Not engaging properly with suppliers

“From our perspective,” says David Coveney, “there is a weakness in not talking to suppliers and taking up training offers. I know training can seem boring and expensive, but there are so many little hints and tips that can make life easier and often it goes beyond the direct products. In a classroom setting, I use triple click and middle click a lot, and when people see me do it, their reaction is like they just learned a new magic trick. I would advise publishers not to be too timid around partners and suppliers.”

Limited resources

“As an industry, in today’s current climate, there is a need to do much more for less. With the cutbacks that we have experienced over many years now, there are challenges with having a small workforce,” cautions Kevin Shelcott, senior operations leader and production director, EKCS: “Publishing is an ever-evolving landscape and one that can be difficult to make a profit on! Publishers of all sizes often need ways to better engage with their clients for ad production, copy chasing, and artwork approvals. Some need to improve creative production processes and reduce the admin time of their creative and sales teams so they can focus on more productive tasks.”

eMagazines’ Blake Pollard adds: “Physical (and digital) magazines are made up of publishers’ most valuable / premium content. This is and will continue be the core strength of traditional magazine publishers. Publishers do not have the resources to build beautiful mobile versions of their magazines.” The solution? “Find a technology partner to turn this weakness into a strength.”

Lessons from other industries

“Publishers can learn valuable production and UX lessons from other industries that have successfully embraced user-centric approaches and technological advancements,” says Cesare Navarotto.

“Understanding human behaviour is essential to delivering products and services that meet user needs,” adds OpenAthens’ Adam Snook: “Publishers can look to UX specialists to learn about the latest in user-centred design, user testing, and iterative product development. Personalisation of the user experience is a key element of this. Publishers may find inspiration from other industries such as big tech, banking and retail that offer great user experience.”

But Which?’s Benn Linfield cautions: “It’s often easier to idolise the perceived excellence in other businesses than it is to accept that change needs to come from within a business, as most businesses are unique. Applying digital working practices in a more traditional business does not suddenly make it modern and dynamic. Small steps, made by agreeing and discussing process changes that will help an existing business model can often have greater effect than transposing a business model from another organisation into one that may not find it suitable. It’s essential to look at successes elsewhere, but filter out the bits you need, and use those improvements to build successful change in a manageable and realistic way.”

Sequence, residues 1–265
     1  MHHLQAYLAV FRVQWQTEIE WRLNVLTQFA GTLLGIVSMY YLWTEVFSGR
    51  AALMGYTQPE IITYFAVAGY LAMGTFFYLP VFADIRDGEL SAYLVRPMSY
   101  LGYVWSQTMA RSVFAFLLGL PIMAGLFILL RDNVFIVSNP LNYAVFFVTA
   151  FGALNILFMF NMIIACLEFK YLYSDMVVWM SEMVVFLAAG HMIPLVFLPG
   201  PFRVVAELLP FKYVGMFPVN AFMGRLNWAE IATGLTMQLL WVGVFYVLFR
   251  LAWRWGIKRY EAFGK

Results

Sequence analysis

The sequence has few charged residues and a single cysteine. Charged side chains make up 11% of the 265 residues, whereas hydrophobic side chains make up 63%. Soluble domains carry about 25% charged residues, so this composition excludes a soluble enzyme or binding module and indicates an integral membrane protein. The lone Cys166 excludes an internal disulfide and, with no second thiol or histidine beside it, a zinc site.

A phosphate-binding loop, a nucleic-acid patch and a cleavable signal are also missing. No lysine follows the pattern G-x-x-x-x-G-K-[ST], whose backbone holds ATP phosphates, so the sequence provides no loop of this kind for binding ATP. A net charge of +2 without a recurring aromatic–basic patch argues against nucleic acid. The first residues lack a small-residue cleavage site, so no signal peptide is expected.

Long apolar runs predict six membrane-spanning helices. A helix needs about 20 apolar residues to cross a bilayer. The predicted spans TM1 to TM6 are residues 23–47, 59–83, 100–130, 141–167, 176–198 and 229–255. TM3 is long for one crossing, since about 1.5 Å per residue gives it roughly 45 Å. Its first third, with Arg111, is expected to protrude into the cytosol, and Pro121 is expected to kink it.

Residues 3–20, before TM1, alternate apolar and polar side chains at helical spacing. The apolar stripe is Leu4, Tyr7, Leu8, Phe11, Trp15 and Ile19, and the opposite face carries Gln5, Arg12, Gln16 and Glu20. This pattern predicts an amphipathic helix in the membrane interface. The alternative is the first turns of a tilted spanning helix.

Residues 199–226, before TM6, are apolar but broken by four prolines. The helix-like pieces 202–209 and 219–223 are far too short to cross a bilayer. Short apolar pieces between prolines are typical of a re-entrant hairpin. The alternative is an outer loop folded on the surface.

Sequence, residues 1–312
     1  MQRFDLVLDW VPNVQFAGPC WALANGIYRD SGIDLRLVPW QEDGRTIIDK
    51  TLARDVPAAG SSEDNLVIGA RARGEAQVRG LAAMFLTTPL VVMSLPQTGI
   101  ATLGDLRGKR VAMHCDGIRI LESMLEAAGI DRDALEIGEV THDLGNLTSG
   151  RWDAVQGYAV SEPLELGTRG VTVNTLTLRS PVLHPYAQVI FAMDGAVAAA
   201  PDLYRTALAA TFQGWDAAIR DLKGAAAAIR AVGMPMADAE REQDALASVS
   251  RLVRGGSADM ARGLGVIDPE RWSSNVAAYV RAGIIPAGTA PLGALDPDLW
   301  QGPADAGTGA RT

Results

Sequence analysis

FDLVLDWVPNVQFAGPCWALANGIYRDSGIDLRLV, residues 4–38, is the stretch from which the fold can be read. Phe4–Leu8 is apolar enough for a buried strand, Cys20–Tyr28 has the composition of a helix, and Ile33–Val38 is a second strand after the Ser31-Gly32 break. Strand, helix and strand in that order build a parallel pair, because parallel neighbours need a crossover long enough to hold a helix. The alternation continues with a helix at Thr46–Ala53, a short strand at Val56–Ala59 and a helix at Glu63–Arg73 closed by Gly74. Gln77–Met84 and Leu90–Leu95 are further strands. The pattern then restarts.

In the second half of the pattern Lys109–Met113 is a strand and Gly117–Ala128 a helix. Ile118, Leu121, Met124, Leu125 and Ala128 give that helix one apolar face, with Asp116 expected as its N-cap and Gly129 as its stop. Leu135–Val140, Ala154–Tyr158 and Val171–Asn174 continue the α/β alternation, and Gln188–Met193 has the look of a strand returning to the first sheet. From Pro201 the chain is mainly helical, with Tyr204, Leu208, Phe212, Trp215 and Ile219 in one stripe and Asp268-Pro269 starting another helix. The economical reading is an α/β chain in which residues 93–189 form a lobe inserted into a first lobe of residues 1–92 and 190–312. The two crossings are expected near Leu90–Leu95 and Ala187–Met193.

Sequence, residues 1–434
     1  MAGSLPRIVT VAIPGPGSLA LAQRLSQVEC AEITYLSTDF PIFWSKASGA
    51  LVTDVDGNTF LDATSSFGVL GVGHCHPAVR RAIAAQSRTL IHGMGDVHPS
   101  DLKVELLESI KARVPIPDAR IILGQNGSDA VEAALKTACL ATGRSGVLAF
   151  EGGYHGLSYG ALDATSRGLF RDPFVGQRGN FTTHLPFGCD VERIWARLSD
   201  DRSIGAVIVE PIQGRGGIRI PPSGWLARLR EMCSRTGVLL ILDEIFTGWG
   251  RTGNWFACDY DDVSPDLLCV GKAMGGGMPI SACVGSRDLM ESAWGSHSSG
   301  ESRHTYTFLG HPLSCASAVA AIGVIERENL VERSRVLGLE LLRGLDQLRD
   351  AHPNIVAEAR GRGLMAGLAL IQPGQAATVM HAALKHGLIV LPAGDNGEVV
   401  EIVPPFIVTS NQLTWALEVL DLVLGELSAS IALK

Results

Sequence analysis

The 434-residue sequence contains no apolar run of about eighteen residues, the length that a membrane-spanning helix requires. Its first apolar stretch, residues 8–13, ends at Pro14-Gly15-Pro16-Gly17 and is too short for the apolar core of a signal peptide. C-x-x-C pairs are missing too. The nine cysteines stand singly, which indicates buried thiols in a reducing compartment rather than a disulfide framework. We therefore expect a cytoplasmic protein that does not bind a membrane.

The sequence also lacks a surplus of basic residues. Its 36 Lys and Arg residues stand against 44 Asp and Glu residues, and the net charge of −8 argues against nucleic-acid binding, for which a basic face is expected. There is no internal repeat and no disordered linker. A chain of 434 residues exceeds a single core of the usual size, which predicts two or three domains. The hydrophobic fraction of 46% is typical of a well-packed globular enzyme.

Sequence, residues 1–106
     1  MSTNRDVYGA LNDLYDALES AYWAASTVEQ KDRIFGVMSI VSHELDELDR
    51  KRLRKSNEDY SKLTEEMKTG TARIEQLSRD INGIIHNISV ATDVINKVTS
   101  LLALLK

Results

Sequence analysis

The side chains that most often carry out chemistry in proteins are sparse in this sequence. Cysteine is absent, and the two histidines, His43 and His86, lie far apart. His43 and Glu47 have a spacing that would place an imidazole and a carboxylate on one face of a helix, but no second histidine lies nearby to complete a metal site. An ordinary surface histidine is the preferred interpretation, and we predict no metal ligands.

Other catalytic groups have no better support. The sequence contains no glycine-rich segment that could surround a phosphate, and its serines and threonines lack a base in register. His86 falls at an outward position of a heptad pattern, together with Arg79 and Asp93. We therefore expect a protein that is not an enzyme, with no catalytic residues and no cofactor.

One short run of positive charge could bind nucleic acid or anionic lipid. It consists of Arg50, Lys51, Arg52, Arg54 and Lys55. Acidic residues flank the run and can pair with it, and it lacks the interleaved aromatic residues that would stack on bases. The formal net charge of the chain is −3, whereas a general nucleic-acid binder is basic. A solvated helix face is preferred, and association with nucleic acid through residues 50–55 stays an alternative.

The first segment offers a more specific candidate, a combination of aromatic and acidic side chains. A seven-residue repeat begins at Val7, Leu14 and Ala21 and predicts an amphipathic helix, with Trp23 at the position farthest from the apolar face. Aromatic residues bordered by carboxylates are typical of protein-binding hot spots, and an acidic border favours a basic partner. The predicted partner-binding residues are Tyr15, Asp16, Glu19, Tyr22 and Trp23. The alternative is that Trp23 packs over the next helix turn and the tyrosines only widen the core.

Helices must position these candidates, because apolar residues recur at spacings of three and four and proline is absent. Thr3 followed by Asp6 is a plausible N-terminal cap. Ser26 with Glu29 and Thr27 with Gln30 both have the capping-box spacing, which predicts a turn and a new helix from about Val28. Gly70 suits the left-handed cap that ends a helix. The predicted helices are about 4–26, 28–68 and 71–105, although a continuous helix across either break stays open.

Below are selected industries and their particular strengths which our contributors feel publishers can take inspiration from:

Retail & e-commerce

  • Personalisation: “E-commerce platforms excel at personalising the user experience by leveraging data and analytics. Publishers can adopt similar techniques to personalise content recommendations, provide tailored reading suggestions, and offer customised experiences based on user preferences and behaviour.” (Cesare Navarotto, chief product officer, Atex)
  • Seamless & intuitive: “Retail provides seamless and intuitive shopping experiences that initially acquire and move quickly to focusing on retaining customers.” (Matt Poole, chief product officer, Immediate Media)
  • Ease of purchase: Mike Hoy admires the “seamless checkout processes” and “frictionless subscription sign-ups”. Richard Hamshere adds, “it’s always instructive to look at how easy it is to buy an iPhone or Tesla.”
  • More choice: “Supermarkets excel at catering to varying customer needs, whether it’s a quick purchase or a full shopping experience. Publishers can adopt a similar approach by providing content and purchasing options that cater to different user intents – for example, a lot of people are suffering from subscription fatigue, but still have money to spare so options other than subscriptions could be a win.” (David Coveney, director, interconnect)